According to the indictment, Masood, Peebles, and Jackson ran a subsequent WRNMMC contract with Company A for in-person coding support from highly skilled coders (CDI specialists), who are paid at a higher rate, to HMA. as a subcontractor. Masood, Peebles and Jackson would then have billed Company A – and therefore WRNMMC – for CDI specialist hours, none of which were ever provided.
As detailed in the indictment, Peebles and Jackson then recruited Paul, Williams, Tweety and Duncan to pose as medical coders and sign consultancy deals with Company A, although none of them did. had any experience or credentials as medical coders. The indictment alleges that Paul, Williams, Tweety and Duncan repeatedly submitted falsified medical coding bills, claiming to process thousands of encounters each month and causing Company A to bill WRNMMC over a million dollars for their false statements alone.
According to the indictment, between 2017 and 2019, the defendants obtained approximately $3.3 million from the scheme to defraud WRNMMC and DHA.
If convicted, the defendants each face a maximum sentence of 20 years in federal prison for conspiracy to commit health care fraud and wire fraud. All defendants except Russ also face a maximum of 20 years in federal prison for each of eight counts of wire fraud. Masood, Peebles and Jackson each face a mandatory sentence of two years in federal prison, consecutive to any other sentences handed down, for each of two counts of aggravated identity theft, and Russ faces a maximum sentence of five years in federal prison for participated in the scheme, which was a conflict of interest with his federal job. Actual sentences for federal crimes are generally lower than the maximum sentences. A federal district court judge will determine any sentence after considering US sentencing guidelines and other statutory factors.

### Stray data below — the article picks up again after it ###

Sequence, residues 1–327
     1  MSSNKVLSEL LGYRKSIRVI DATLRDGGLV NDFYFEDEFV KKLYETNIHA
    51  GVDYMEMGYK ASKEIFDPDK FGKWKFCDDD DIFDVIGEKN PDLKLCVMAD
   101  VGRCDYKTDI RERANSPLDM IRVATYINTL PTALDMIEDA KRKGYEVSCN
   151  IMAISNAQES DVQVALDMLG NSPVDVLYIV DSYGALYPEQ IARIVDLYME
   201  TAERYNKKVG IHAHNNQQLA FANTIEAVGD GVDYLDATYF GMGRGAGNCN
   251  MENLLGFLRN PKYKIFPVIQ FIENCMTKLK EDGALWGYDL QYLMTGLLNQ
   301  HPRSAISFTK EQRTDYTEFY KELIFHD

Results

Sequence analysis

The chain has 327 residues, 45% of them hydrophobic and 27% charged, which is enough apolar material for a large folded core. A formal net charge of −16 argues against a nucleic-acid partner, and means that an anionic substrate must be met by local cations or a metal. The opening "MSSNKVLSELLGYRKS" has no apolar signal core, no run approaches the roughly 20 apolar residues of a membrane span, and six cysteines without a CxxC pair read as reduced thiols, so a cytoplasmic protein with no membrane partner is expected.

An indictment is not a verdict of guilty. An individual charged by indictment is presumed innocent unless and until proven guilty in subsequent criminal proceedings.
United States Attorney Erek L. Barron commended Army CID, DCIS, NCIS and WMATA OIG for their work in the investigation. Barron thanked Assistant U.S. Attorneys Adam K. Ake and Rajeev R. Raghavan, who are prosecuting the federal case.
For more information about the Maryland U.S. Attorney’s Office, its priorities, and the resources available to report fraud, please visit www.justice.gov/usao-md and https://www.justice.gov/usao-md /report-fraud.